*This post is sponsored by The Home Depot.
Ever pick up a tool and think ‘goodness what would I do without it’? Sort of like mobile phones, how did we function without them? I must admit now that I have ratchet tie-downs in my tool arsenal I find myself wondering why I didn’t get them sooner and all the projects and situations where I could have used them in the past. Just like a mobile phone, the possibilities are endless once you have the tool at your disposal.
These Husky ratchet tie-downs come in handy for so many various applications – most notably securing items in a truck bed or trailer – but beyond hauling goods they can secure project pieces. I used the tie-downs to secure a wood box while filling with concrete. I built the box with mitered corners and secured using wood glue and finish nails however I wasn’t so confident my box construction could withstand the curing concrete so I opted to use the Husky tie downs to stabilize the box while the concrete dried.
Once the concrete was dry I used the quick and easy thumb release to loosen the tie down and release the box. Now I have a solid, heavy base for a 4×4 post which is part of a large portable wood arch.
The ratcheting tie down allowed me to create a snug, secure hold on the wood box while I poured the concrete and let it dry. I used the plastic bags to ensure no concrete would seep through the wood seams and later trimmed the excess plastic off.
The tie-downs are weather resistant and UV-protected for durability if you’re using them in exterior conditions. The vinyl-coated S-hooks stand up to rigorous extremes and won’t tarnish your equipment or mar your vehicle’s finish.
And bonus this Husky ratchet tie-down 4 pack comes with a free storage bag so you can keep all the pieces together when not in use. A very affordable tool that has endless possible uses for hauling goods, securing luggage to a roof rack, and various project situations. Trust me you’ll be glad you picked up a set of tie downs and find yourself using them, just like you can’t imagine life without your mobile phone.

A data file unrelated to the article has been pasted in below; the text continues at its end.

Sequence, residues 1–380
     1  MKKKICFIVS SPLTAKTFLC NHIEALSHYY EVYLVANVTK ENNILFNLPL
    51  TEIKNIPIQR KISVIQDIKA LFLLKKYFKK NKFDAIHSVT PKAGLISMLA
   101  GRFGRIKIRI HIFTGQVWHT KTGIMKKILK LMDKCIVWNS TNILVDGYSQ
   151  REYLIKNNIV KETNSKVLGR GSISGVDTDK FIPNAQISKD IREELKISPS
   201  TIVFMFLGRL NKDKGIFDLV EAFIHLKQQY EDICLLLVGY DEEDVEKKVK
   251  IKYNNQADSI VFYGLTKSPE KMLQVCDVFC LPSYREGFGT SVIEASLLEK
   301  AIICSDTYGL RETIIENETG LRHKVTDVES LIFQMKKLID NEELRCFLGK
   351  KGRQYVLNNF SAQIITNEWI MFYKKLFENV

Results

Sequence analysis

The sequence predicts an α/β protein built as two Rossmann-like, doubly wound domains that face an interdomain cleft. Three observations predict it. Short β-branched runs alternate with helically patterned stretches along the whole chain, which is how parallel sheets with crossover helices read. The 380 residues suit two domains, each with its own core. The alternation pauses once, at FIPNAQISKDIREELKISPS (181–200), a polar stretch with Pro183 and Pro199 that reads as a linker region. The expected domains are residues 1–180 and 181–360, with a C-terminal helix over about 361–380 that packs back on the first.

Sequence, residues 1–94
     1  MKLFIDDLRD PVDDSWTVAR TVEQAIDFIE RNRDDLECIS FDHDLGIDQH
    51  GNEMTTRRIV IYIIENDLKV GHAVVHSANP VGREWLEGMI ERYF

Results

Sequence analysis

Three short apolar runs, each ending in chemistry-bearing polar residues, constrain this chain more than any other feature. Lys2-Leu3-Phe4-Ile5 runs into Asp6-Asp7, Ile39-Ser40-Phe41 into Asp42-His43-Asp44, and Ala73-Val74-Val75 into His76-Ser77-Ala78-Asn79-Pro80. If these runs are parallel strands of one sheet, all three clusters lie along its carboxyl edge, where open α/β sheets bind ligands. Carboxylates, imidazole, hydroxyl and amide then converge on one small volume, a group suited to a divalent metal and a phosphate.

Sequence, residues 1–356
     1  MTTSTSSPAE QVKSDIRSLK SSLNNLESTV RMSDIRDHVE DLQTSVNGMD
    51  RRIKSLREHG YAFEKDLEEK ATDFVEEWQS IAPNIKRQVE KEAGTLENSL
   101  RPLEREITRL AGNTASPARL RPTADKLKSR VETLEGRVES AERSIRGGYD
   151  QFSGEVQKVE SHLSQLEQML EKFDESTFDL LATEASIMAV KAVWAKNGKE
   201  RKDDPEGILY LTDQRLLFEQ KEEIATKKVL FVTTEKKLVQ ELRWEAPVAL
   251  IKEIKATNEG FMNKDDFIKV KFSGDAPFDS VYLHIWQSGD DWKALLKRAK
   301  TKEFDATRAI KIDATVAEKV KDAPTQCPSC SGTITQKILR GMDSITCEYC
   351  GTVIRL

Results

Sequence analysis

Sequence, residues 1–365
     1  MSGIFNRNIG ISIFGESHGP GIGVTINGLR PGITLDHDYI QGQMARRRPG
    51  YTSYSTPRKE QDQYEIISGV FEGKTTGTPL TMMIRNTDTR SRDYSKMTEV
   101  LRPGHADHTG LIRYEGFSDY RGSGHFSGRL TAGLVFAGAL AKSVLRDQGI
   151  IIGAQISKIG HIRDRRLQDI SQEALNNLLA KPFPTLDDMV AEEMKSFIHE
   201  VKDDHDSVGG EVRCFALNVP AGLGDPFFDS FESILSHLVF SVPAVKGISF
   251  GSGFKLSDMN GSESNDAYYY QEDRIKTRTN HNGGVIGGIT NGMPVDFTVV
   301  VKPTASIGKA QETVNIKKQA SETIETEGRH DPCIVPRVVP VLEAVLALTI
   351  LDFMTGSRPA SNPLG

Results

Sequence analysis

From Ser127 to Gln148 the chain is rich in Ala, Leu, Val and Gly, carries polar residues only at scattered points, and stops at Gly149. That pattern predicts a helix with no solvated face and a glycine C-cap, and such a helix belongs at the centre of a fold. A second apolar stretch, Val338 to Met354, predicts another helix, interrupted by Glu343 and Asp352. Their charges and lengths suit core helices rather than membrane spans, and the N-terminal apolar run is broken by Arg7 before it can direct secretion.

* I acknowledge that The Home Depot is partnering with me to participate in this Tool Review Program. As a part of the Program, I am receiving compensation in the form of products and services, for the purpose of promoting The Home Depot. All expressed opinions and experiences are my own words. My post complies with the WOMMA Ethics Code and applicable Federal Trade Commission guidelines.
I adore my ratchet tie downs! Use them all the time on chairs, which have odd shapes, the side tables i work on, my dining room table and picture frames. These tools are right up there with my drill, a good hammer and my electric staple gun! I’m an older woman w poor hand strength, so anything i can get that helps me is a real plus. My only complaint is that i wish they came w visual directions. If it’s been awhile, it is more than challenging to figure out the layout. Please let someone know, even if was an option to buy the instructions. Seasoned wood workers get it but not everyone uses these all the time. It would be a BIG PLUS!
Love to hear you get great use out of the tie-downs. Great notes on the instructions, I will be sure to pass along.
I have ordered several sets of these. These will make great Christmas presents and I will be using some too. Great to keep in the back end of our truck.
I would like to know how you made the wood box for the concrete block. What are the dimensions? Is there a bottom to the box? We have a very high water table and fence posts (even pressure treated) seem to rot out after a few years and I thought about using the paper tubes filled with concrete but decided that buying 50 tubes was to much. The boxes would be much better as I could make a few posts at a time. Thanks for the great ideas!!
Hi Cathy, the wood box is a 1×10 cut at 7″ l with a 45 degree bevel on both ends not parallel. Yes there is a bottom about 6 1/4″ square. Great idea to make boxes versus the tubes if it’s more economical, be sure to use cedar or treated ply for exterior although once the concrete is cured even if the box rots a bit you still have the concrete for a good long while. Good luck with your project!